Welcome to our series called “Trout Bum of the Week,” in which we highlight some of the folks living the good life. . .of a sort. (See the bottom of this post for a link to the previous installments.) Most of the subjects are guides who have turned their passion into a vocation, spending their time in an outdoor “office” that may include a drift boat, gorgeous mountain scenery, and crystal clear water. Others do have day jobs but manage to spend every other available minute on the water with a fly rod in hand. Whether you aspire to one lifestyle or the other, it’s illuminating to explore the different paths these men and women have taken on their way to achieving “trout bum” status.
Kyle Wilkinson is the Outfitting Manager at Trouts Fly Fishing in Denver, Colorado, as well as one of their fly fishing guides. Born and raised in southeastern Kansas, Kyle received his first fly rod at age 10. Now, 20 years later, he spends more than 120 days a year on the water and has traveled extensively throughout the Midwest, Rocky Mountains, and multiple saltwater locations chasing any fish that will eat a fly. When not fishing or guiding, Kyle can typically be found relaxing with his wife, Katie, and their two Spaniels, Madison and Nelli, enjoying one of the 300 days of sunshine Denver receives each year.
1. When did you start fly fishing?
I started fly fishing when I was 10 years old. My grandparents used to take me every summer to the state parks in the Ozarks of Missouri to camp and trout fish. I think the first trip we made I was six or seven years old. Spinning rods and Powerbait were the game back then, but I can remember being intrigued by the fly anglers I saw. I knew it was how I needed to be fishing. A few years later, I got the most life-changing present ever from my grandma. It was an 8-foot 5/6-weight Shakespeare Black Beauty fiberglass rod with a foam handle. I can still remember the first bluegill I caught on that rod. Since that point, fly-fishing for a living was all I ever wanted to do.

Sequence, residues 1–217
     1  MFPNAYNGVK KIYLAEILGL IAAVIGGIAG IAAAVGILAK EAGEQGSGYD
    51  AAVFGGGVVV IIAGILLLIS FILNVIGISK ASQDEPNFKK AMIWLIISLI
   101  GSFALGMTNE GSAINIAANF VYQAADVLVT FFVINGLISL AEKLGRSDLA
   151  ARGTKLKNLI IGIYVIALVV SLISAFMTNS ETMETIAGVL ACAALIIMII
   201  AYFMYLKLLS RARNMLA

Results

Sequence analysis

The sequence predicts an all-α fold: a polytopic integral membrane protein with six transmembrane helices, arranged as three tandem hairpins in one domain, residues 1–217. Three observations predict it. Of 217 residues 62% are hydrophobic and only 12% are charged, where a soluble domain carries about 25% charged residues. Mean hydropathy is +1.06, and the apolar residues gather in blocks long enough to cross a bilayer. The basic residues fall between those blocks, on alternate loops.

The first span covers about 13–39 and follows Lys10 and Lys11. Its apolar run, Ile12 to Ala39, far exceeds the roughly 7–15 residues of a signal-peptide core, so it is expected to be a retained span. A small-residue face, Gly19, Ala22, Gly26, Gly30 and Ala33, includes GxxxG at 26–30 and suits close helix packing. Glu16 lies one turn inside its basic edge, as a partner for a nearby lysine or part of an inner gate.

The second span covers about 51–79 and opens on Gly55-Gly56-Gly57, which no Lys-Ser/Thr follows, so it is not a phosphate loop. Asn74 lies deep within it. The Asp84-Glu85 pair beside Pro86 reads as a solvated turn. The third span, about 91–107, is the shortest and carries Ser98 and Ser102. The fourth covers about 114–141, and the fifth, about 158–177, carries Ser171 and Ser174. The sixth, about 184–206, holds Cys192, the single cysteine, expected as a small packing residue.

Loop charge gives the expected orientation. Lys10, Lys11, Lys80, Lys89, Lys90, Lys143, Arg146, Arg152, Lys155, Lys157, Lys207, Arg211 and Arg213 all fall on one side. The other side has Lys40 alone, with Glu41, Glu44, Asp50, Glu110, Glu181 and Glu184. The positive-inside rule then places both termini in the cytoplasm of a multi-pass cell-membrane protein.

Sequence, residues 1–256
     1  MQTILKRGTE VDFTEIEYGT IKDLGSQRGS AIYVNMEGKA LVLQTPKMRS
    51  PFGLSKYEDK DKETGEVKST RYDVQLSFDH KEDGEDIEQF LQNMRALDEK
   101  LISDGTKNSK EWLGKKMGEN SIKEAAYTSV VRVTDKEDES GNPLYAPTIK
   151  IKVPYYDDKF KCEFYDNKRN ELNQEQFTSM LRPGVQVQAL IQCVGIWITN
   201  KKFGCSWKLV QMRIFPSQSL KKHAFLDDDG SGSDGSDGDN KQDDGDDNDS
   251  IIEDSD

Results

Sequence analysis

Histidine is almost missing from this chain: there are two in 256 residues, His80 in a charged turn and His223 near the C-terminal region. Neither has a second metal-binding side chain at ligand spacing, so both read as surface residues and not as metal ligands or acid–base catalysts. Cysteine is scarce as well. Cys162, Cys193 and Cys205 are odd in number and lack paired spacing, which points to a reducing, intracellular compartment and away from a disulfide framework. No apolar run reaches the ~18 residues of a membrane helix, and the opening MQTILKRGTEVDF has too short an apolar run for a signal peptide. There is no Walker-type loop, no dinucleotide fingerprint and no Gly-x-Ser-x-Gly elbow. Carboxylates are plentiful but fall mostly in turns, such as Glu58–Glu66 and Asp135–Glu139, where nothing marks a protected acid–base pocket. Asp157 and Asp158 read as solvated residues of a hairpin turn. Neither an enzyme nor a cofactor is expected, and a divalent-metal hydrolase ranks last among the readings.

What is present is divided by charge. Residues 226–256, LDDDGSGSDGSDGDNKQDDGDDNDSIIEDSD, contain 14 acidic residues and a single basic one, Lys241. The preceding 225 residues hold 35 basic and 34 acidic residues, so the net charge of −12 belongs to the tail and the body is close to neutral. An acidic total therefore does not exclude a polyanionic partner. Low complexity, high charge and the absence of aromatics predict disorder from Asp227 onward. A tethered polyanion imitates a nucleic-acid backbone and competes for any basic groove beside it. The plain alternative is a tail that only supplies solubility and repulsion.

2. What’s your favorite water?
I’ve been fortunate enough to fish a lot of places, both fresh and salt, over the past 20 years. If I was limited to only one piece of water for the rest of my life, though, it would be the Madison River. I worked at a fly shop in Ennis, Montana, during my college summers. It was there, right on the banks of the Madison, that I fell in love with Western fly-fishing and got my start in guiding. Not a day goes by where I don’t find myself daydreaming about that river. I’ve got multiple pictures of it hanging in my house, and I even named one of my dogs after the Madison.
3. What’s your favorite species to chase with a fly rod?
Anything in the saltwater that I can sight fish to. I’ve done quite a bit of saltwater fishing over the years, for a variety of species. I still haven’t landed a permit, though I’d say that’s my answer to the question. My adrenaline gets pumping like nothing else when it’s time to step up on the bow of a skiff and scan the waters for a permit to cast to. They’re elusive, they’re fast, they’re strong…and they’re just a flat out sexy fish. I’m still yet to go swing a two-hander for steelhead in the PNW, so check back with me at some point in the future to see if my answer has changed. I know that’s going to become an instant obsession from the first day I do it.